Hello, my name is: Amy

Oops! I Commited to Master

Sometimes with git I get a bit too heavy on the auto pilot and will only realize I've done something terible after I hit the enter key. Luckily git is fairly forgiving like that. The other day my problem was that I committed a bunch of changes to master that definitely shouldn't have been.

Here's the escape hatch:

(master)$ git branch freshbranch    # create a new branch of the current state
                                    # your latest commit is moved to safety
(master)$ git reset --hard HEAD~1   # bye bye commit from master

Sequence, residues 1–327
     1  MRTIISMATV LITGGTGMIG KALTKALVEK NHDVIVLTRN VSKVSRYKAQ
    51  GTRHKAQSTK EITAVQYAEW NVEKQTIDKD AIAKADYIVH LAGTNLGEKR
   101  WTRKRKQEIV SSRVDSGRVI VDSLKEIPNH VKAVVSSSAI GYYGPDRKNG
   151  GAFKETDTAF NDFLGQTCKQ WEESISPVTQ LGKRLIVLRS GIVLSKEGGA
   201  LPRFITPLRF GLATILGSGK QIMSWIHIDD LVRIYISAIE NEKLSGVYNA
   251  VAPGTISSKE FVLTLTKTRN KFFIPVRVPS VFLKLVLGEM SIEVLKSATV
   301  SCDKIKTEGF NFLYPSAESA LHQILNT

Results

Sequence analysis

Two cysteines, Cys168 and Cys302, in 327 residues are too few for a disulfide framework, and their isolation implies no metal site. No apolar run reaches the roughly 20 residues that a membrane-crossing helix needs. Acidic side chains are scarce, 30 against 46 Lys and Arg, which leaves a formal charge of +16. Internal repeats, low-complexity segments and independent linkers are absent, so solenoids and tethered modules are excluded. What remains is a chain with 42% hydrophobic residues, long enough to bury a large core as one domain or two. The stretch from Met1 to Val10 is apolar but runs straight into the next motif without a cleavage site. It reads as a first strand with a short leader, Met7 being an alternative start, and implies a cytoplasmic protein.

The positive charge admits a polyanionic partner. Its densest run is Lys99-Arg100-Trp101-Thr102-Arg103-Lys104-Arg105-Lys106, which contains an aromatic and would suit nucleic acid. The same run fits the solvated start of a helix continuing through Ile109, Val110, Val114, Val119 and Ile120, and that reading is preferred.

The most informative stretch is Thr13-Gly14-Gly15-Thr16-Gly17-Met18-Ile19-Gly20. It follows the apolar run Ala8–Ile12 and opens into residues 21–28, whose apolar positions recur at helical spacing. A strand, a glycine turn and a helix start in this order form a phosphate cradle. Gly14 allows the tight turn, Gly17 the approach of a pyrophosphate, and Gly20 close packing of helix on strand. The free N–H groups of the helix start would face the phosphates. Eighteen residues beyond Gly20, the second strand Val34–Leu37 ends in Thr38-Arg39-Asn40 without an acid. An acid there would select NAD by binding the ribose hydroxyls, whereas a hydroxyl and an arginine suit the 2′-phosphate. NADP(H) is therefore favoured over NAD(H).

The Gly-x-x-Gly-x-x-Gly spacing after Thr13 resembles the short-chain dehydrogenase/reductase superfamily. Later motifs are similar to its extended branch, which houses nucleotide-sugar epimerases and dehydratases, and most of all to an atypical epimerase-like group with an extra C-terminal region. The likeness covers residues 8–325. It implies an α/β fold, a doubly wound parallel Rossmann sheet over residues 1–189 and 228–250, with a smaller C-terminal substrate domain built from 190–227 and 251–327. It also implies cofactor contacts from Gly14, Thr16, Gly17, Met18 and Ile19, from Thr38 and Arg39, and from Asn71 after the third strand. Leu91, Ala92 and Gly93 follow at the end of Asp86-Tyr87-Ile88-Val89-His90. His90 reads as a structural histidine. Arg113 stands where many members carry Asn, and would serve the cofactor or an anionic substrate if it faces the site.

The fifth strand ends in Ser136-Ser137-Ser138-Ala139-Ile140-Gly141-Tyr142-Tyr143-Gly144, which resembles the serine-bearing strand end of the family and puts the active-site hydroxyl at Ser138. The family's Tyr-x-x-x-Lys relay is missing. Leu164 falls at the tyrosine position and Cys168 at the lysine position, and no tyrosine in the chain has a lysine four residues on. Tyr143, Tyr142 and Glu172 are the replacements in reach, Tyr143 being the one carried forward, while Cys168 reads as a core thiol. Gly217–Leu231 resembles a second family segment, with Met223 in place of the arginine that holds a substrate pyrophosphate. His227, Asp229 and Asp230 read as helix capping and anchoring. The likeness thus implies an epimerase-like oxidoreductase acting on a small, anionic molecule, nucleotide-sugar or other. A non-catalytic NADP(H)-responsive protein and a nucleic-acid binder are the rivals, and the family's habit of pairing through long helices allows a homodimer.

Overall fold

(master)$ git co freshbranch        # switch to new branch
(freshbranch)$                      # yaay! my work is safe

git reset

git reset moves the current checked out position to the state that you tell it.

In this case, we are also specifying --hard which means that instead of going into a detached HEAD state it will discard any of the changes you have made to the files that git tracks.

We can use --hard because we have already moved that work to a new branch.

HEAD~1 is referring to the previous commit.

As per usual, Stack Overflow Post a big thanks to this for pointing me in the right direction.